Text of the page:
SBJ/September 26-October 2, 2011/Colleges

Marketing executives take experience, competition of professional sports back to school

When Matt Wszolek was a sales and marketing executive with the Chicago Cubs, he wore his emotions on the flagpole in front of his house.

If the University of Illinois flag was flying, it meant the Illini had won their most recent football or basketball game. If it wasn’t, Wszolek was mourning a loss.

Wszolek
Now that flag means a little more to him. It represents not just his alma mater, but also his employer. Wszolek is one of a growing number of sports executives who have taken what they’ve learned in the marketing of professional teams to the college ranks. He spent nearly three years in sales and promotions with the Cubs before becoming associate director of development and corporate partnerships in the Illini’s satellite office in Chicago.

In that same Chicagoland market, Northwestern employs Mike Polisky as senior associate athletics director for external affairs. Polisky marketed and ran Chicago franchises in the Arena Football League and the American Hockey League before joining the Wildcats as their chief marketer last year.

There are other examples around the country. West Virginia AD Oliver Luck was president of the MLS Houston Dynamo. Steve Patterson, a former NBA executive with the Houston Rockets and Portland Trail Blazers, was hired this summer as the new COO for Arizona State athletics.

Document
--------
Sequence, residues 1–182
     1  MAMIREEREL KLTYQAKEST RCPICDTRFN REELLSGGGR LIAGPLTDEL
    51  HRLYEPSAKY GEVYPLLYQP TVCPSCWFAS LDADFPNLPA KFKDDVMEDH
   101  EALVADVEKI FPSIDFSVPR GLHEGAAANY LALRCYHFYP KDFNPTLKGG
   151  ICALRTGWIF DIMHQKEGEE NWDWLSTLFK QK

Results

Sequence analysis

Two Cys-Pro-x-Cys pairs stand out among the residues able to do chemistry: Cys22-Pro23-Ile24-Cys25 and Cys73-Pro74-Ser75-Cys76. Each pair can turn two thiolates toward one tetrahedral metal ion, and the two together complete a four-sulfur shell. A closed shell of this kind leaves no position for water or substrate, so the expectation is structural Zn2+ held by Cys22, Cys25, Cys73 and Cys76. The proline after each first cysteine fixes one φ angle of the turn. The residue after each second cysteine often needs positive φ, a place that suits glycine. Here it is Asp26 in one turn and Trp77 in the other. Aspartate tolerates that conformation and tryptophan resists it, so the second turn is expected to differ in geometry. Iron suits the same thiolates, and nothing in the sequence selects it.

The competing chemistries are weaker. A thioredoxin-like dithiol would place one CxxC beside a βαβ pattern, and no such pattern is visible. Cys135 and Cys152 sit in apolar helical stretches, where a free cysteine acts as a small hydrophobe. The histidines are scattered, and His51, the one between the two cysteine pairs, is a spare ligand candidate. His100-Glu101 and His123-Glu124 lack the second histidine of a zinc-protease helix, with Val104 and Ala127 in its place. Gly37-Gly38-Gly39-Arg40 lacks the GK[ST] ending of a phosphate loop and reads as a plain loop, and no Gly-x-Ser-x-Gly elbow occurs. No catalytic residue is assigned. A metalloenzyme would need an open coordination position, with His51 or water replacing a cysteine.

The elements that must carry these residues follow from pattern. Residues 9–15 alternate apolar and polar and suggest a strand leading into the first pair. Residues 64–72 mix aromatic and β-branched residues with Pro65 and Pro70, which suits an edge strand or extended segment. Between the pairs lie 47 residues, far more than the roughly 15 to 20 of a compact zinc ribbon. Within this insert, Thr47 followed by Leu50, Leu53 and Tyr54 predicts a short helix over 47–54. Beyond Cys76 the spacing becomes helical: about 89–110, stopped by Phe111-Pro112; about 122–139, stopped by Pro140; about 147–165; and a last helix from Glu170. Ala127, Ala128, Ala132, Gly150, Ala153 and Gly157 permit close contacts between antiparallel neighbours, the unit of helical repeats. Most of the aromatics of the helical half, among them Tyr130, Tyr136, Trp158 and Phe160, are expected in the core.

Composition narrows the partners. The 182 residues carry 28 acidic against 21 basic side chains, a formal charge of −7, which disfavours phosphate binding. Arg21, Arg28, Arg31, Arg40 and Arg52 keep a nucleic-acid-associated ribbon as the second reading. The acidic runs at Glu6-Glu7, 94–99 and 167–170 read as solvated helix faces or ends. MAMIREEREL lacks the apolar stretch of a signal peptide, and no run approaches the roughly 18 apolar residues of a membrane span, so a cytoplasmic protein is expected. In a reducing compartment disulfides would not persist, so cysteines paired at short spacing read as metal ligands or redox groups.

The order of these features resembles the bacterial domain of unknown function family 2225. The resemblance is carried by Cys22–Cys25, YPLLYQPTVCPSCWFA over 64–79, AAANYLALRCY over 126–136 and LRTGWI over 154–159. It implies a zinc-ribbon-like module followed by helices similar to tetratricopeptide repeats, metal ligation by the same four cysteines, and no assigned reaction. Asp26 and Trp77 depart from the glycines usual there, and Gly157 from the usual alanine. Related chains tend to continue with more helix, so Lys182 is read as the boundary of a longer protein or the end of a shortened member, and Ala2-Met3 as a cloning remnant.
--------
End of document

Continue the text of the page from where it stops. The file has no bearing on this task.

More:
“I think what you’re seeing is that a lot of universities are similarly positioned, in terms of facing a lot of competition for the dollars in the marketplace,” said Polisky, an Iowa alum who ran the AFL’s Chicago Rush and the AHL’s Chicago Wolves before going to Northwestern. “You can get into a mode of sitting back and letting things happen or you can get more aggressive and compete. For me, my background was especially appropriate because there are 30-some professional and collegiate teams in the Chicagoland area, there are great cultural and entertainment options — there’s a heck of a lot of competition.”

For Wszolek, he entered the college space at Illinois last year with the perception that marketers were sometimes handcuffed with restrictions. What he found, instead, was “fertile ground.”

“There’s this misnomer that you have all of this bureaucracy, but really, I’m sitting down with companies basically with a blank sheet of paper,” Wszolek said. “You want in-stadium, traditional media, social media, activation that targets the student population, activation aimed at alumni. … There is so much tailoring you can do, and that’s huge in this day and age of customization.”

Unlike most schools that outsource their multimedia and marketing rights — Northwestern partners with Learfield Sports — the Illini handle all of their marketing and sponsorships in-house. That puts Wszolek on the front lines in Chicago against a slew of competitors. But what he learned with the Cubs, who have precious little signage available in Wrigley Field compared with most MLB teams, is to do more with less. That meant developing promotional programs and marketplace activation that originated outside of Wrigley, away from the three-hour baseball game.

Similarly, Wszolek has tried to uncover marketing opportunities at Illinois, where student athletes are off-limits and stadium signage is limited, that might not be traditional in nature.

“Think about what you can do with a sweepstakes winner boarding a basketball team charter to fly to Cancun for a tournament with the team,” he said of a concept he’s trying to implement at Illinois. “There’s huge value there, and there are all kinds of experiential opportunities that you can showcase with the Illinois ‘I’ on them.”

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